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The explosive nature of an electric arc has been documented in a number of case studies. The intense heat from an arc flash causes sudden expansion of air resulting in a blast, pressure waves and the resulting explosions rival that of explosive substances. Energies produced by arc flash explosions have been known to propel large objects such as switchboard doors, bus bars and personnel several feet at very high speeds. As an example of an arc blast, a 50kA arcing fault will provide enough energy to propel a person weighing 70kg (approx. 160 lbs.) and standing 2 feet away from the arc source with an initial acceleration of approximately 50 m/sec (approx 110 mph.), collapsing workers lungs, rupturing eardrums and causing permanent hearing loss. The gases expelled from the blast also carry by-products of the arc with them including droplets of molten metal similar to buckshot. Intense heat and ballistic pressures produced during arcing fault present real hazards that must be addressed before the work is done on energized equipment.

IEEE 1584 provides a method for calculating incident energy values in calories or Joules per square centimeter at working distance. However, the caloric values obtained by applying the IEEE 1584 procedure are not always obvious, and do not completely address the explosive nature of an arc. The aim of this article is to provide a procedure for calculating TNT equivalent of an arc blast as a method of quantifying energy released in explosions.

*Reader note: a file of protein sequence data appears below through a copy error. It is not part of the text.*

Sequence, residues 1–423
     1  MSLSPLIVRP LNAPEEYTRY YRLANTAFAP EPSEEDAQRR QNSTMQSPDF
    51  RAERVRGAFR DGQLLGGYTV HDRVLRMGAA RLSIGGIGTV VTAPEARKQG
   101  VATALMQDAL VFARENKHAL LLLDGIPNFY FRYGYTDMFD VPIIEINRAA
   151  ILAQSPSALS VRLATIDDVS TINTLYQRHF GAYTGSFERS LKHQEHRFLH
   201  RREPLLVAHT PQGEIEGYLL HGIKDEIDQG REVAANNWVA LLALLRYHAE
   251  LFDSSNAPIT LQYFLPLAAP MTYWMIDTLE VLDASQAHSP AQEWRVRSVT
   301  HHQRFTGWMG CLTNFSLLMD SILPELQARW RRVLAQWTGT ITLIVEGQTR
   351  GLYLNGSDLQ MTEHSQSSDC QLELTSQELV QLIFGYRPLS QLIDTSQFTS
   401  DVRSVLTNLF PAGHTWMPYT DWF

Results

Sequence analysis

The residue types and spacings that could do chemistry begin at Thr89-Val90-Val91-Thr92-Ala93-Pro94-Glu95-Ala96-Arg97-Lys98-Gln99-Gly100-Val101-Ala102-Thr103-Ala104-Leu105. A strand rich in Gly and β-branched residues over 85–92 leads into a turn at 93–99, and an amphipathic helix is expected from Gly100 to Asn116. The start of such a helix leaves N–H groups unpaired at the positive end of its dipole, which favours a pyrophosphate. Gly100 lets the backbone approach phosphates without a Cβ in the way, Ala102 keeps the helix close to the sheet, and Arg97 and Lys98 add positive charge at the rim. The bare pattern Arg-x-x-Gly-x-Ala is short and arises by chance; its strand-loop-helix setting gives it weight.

The kilogram of TNT is used as a unit of energy, approximately equivalent to the energy released in the detonation of this amount of TNT. TNT equivalents have been used in a number of applications for relative comparison purposes giving a sense of destructiveness as compared with ordinary explosives, like TNT. A gram of TNT releases 980-1100 calories upon explosion. This is standardized to 1000 thermo chemical calories, or 1 gram TNT = 4184 J.

IEEE 1584 clause 9.2 states that "*system X/R ratio [...] were found to have little or no effect on arc current and incident energy and so they are neglected*". Neglecting the *X/R* ratio and considering equivalent system impedance *z = V/Ibf * connected in series with arcing resistance, the voltage across arc resistance can be expressed as:

where *V* is system voltage, *Ibf* is the available bolted fault (short circuit) current at the point of arc, *Iarc* is arcing current calculated using IEEE 1584 formula 5.2.1 or formula 5.2.2 for systems rated less than 1000V or above 1000V respectively. Taking into account the resistive nature of an arc, arc flash TNT equivalent in three (3) phase arc can be expressed as:

where tarc, sec - arcing time determined using circuit protective device time-current characteristics.

Arcing current *Iarc* can be calculated using ARCAD *Arc-Flash-Analytic* software program or the IEEE 1584 5.2 formulae and substituted in the above equation or simple arc blast calculator below:

Energies produced by arc flash explosions are comparable to dynamite explosions. These forces can be significant. They have been known to blow workers tens of meters away from the arc causing falls and injuries that may be more severe than the burns themselves. Arc blast explosive effects should be anticipated together with heating effects when selecting personal protective equipment and justifying work on energized equipment.

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